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Competitor lifts during 2019 Junior Nationals; Photo by Reed Hoffmann, courtesy of Move United.

USAPP and Move United Work to Bring Sports to Everyone

USA Para Powerlifting (USAPP) has found its home at Logan as it transitions to becoming an official Paralympic Sports Organization over the next year. With a belief that people with physical disabilities deserve high quality organized athletic opportunities, from youth sports to elite Paralympic competition, the Paralympic Operations Department (POD) at Logan aims to be leaders in the global adaptive sport movement. With the help of Move United, a nonprofit organization dedicated to helping individuals with physical disabilities learn about and participate in adaptive sports, the two are working to bring awareness and increase accessibility to the sport nationwide.

“The value that sports bring to us as individuals should be experienced by everyone,” said Shuan Butcher, Communications Manager for Move United. “Whether we’re able bodied or have a disability, we know that sports make us healthy, more determined and more disciplined. Our biggest focus at Move United is to change the way people view disability.”

The strategic goal for Move United is to offer an adaptive sports program within 90 miles of every resident in the country. This is important because throughout the U.S., there are “adaptive sports deserts,” where individuals have to drive hours away from their homes to participate in adaptive sports.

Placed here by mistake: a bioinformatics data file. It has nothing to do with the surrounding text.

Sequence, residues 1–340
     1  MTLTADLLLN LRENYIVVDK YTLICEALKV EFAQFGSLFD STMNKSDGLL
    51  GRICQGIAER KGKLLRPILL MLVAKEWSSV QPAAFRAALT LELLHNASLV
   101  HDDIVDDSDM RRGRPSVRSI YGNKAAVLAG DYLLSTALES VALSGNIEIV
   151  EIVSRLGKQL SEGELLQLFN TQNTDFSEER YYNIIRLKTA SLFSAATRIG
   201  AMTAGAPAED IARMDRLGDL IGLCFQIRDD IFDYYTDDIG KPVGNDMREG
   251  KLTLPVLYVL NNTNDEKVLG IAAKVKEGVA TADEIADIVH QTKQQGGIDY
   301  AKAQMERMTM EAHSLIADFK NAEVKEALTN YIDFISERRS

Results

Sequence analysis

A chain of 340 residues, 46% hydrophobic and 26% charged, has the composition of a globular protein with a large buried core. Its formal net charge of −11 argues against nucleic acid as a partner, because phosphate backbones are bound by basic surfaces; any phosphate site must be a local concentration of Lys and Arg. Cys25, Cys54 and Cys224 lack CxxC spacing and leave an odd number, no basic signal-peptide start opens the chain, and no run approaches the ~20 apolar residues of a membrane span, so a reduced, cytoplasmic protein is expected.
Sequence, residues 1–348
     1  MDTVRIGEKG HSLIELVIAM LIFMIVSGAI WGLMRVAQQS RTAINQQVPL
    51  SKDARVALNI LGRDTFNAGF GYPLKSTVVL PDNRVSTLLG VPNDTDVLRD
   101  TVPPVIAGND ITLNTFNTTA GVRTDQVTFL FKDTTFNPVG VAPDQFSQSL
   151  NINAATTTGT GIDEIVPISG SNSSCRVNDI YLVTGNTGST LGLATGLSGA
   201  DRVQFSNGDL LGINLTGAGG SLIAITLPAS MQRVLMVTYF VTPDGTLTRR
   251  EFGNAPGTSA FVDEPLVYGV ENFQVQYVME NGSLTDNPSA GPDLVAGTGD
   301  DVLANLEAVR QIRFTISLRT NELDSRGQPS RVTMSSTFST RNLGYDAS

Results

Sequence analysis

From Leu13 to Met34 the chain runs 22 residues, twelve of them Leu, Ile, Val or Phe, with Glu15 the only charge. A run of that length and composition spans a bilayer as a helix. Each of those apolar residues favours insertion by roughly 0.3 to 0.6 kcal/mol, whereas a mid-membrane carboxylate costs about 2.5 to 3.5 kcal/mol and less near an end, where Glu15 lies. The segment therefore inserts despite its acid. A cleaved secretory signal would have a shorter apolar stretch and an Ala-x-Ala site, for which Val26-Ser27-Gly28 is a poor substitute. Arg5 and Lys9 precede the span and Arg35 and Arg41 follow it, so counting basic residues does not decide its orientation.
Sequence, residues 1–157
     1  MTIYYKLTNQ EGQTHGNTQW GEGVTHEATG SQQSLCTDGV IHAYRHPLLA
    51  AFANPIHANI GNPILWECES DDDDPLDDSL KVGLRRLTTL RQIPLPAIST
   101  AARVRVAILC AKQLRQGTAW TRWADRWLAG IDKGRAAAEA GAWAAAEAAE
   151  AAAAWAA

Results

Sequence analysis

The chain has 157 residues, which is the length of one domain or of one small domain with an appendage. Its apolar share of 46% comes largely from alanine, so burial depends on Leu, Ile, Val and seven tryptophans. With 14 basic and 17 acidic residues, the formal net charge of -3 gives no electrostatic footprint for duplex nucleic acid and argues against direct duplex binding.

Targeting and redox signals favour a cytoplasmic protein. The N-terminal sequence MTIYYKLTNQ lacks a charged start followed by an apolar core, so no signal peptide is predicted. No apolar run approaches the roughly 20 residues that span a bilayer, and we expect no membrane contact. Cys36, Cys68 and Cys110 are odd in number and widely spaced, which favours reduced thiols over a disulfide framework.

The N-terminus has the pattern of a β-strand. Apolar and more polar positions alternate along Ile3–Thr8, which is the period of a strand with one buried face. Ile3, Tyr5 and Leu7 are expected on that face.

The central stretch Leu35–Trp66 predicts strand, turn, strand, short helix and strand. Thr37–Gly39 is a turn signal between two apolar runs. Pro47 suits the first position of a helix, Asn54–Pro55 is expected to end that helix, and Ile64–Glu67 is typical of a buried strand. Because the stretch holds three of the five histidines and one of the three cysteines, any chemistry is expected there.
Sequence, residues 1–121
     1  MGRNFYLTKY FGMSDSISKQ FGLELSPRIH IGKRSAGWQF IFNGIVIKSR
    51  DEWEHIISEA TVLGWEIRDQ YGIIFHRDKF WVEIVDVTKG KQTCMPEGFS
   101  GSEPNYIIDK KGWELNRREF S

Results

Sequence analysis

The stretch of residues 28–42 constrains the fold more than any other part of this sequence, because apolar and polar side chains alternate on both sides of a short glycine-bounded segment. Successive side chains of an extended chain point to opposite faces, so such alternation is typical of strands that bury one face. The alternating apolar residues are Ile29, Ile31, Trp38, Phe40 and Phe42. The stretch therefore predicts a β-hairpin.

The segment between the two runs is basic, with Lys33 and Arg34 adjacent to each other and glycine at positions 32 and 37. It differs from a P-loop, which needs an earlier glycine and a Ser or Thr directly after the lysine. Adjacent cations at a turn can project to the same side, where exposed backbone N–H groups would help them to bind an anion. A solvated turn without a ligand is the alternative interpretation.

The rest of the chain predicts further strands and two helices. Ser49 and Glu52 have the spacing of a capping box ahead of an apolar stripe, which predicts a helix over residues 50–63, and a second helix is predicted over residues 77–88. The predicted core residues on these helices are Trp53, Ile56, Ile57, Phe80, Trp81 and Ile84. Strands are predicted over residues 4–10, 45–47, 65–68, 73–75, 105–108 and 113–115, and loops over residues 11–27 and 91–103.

“Working with USAPP and volunteers, our goal is to increase the number of competitions that offer powerlifting,” said Jessie Cloy, Competition Manager at Move United. “I think that if we can get more events to offer powerlifting with the coaches and training necessary, then we can get our programs and our chapters to offer them at the local and regional levels.”

Mary Hodge, USAPP’s High-Performance Manager, works closely with Move United to make the sport more nationally known, grow regional programs and find athletes looking to compete, then give them the resources to do so.

“For me, it’s about getting people educated on the opportunity these young athletes have,” Mary said. “From USAPP and Logan’s perspective, we’re excited to move forward with Move United. It’s a great partnership for the sport and the kids and adults involved.”

The goal for both organizations is to make adaptive sports more widely accessible so that no matter where a child lives and regardless of their ability, they have an avenue to pursue sports and compete at any level—not only for inclusivity within sports but also for life beyond sports.

“An adaptive sports athlete myself, I eventually retired from sports, got married and had kids, and for me that’s a success story that’s bigger than the sport,” Jessie said. “The sports propel athletes to success beyond competing, so involvement in this community changes peoples’ lives.”

Read more about USAPP in the current issue of Move United magazine here.